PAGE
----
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Customers arrive according to a Poisson process at a rate of four customers per hour. A customer who finds four other customers in already waiting gives up and leaves. Some clients in the 3rd and 4th position also leave the queue without being served. Customers in the 3rd position do so after an exponential waiting time with mean $30$ minutes and customers in the 4th position after an exponential time with mean $15$ minutes. The service time is exponentially distributed with a mean of $15$ minutes.

(1) Formulate a Markov chain that helps to study the long run average number of customers in the system per unit time and solve the balance equations of this Markov chain.

(2) Calculate the expected number of customers in the system and the expected time a customer is waiting before he gets served.

From the solution below I don't understand how in (b) the probability is obtained that a customer is accepted and served ($P_2 \frac{2}{6} + P_4 \frac{4}{8}$), and the rate that follows. Can anyone please help?

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This solution contains a number of errors, especially in the part that you refer to. Notice that the solved values for $P_0, P_1, P_2, P_3, P_4$ do not sum to 1; this is a mistake. The solution is correct up to the point of finding $P_0=P_1=P_2, P_3=\frac23P_0$ and $P_4=\frac4{15}P_0$, but from here we should get $P_0=P_1=P_2=\frac{15}{59}, P_3=\frac{10}{59}$ and $P_4=\frac{4}{59}$.

The formula for the expected number of customers in the system is correct: $L=P_1+2P_2+3P_3+4P_4$. But there is a little mistake in the expected number of customers in queue: it should be $L_q = 0P_1 + 1P_2+ 2P_3+3P_4 = L-(1-P_0)$; the omitted subtraction symbol was probably just a typo.

The expected number of customers receiving service per hour is $4(1-P_0)$, while the expected number of customers arriving per hour is 4, so the proportion of customers who are served is $4(1-P_0)/4 = 44/59$. I may be missing something, but I'm not seeing how PASTA would help here, and the value $P_2\frac26+P_4\frac48$ appears to be incorrect. The rate at which customers arrive to the queue is $\lambda_q=\lambda(1-P_0-P_4)$ (which is not the same as the rate at which customers are served), so by Little's law, the expected time spent in the queue by customers who enter the queue is $W_q=\frac{L_q}{\lambda_q}$.

Note, however, that $W_q$ is not the expected time that a customer waits before being served, because not all customers are served -- some leave the queue early. According to the most straightforward interpretation of part (2) of the problem, what we're really looking for is the expected waiting time for a customer who does not leave without being served, and who arrives to a not-already-full queue; in other words, we're looking for a certain conditional expectation, and this is a trickier than calculating $W_q$. Maybe I'm overlooking a shortcut, but the simplest way I can think of doing this would be to construct a new Markov chain which models not just the number of customers in the system but also the position of the designated customer. We can do this with 7 states, if we notice that we only need one state where the designated customer is being served (or has been served), because it doesn't matter if there are 0, 1, 2, or 3 people in the queue at that point.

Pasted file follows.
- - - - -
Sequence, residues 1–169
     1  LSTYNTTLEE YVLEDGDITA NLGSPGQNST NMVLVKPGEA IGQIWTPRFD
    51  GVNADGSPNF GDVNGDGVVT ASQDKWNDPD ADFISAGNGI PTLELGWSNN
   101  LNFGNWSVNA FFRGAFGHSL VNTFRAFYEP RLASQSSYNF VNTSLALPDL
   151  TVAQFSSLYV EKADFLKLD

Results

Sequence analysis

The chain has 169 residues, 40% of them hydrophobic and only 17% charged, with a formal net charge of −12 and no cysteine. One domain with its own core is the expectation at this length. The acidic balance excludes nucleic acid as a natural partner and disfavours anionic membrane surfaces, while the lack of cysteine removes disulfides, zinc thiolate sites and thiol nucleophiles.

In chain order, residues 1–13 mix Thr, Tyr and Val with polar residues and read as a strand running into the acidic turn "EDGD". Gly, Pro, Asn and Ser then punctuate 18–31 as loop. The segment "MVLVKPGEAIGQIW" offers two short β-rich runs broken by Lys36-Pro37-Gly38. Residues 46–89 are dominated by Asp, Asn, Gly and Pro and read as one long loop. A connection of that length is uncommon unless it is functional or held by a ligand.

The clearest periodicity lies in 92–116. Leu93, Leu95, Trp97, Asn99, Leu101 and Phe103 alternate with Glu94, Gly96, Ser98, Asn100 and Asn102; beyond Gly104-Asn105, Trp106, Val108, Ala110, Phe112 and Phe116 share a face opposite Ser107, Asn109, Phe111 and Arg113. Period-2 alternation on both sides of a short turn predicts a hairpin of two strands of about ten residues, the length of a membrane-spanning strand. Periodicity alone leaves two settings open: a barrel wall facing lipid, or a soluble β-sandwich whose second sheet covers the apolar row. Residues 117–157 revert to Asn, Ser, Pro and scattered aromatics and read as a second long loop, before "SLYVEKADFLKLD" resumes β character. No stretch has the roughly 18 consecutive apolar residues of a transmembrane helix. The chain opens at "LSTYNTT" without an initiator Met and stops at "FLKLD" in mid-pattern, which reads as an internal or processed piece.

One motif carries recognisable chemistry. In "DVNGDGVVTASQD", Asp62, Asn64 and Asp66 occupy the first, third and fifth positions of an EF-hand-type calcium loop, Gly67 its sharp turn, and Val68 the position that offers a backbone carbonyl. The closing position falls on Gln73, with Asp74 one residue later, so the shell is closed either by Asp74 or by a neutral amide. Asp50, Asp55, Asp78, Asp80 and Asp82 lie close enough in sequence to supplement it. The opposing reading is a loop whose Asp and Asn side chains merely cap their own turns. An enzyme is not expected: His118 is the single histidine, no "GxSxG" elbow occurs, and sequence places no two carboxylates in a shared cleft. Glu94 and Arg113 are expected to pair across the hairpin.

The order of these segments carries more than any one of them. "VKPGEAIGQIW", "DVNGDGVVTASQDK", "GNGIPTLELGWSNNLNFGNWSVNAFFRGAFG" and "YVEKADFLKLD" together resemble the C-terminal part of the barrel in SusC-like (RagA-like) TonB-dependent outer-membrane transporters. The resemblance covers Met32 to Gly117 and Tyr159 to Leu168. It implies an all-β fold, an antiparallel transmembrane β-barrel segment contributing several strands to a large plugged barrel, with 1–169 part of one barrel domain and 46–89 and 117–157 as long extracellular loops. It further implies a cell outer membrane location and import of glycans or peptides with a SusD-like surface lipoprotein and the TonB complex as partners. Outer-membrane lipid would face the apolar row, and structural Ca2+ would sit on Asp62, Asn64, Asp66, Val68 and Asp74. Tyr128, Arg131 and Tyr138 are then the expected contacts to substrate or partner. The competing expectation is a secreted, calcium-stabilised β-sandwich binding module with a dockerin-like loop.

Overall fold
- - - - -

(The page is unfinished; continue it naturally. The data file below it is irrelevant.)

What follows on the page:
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  • $\begingroup$ Thank you very much for your detailed explanation. However, about your second paragraph: I think that $L(1-P_0)$ is correct: as it measures the number of customers that are in the system and that are not in state $0$ (because in state zero you don't have to wait). I still wonder how the solutions got to $P_2 \frac{2}{6} + P_4 \frac{4}{8}$ for the proportion of customers served, but your method seems to work. Thanks again! $\endgroup$ – learner Feb 23 '15 at 12:02
  • $\begingroup$ Also, if I'm not missing anything, you don't seem to be using the proportion of customers who are served ($44/59$) for computation of $W_q$, while the solution uses this. Maybe that is their shortcut? $\endgroup$ – learner Feb 23 '15 at 12:15

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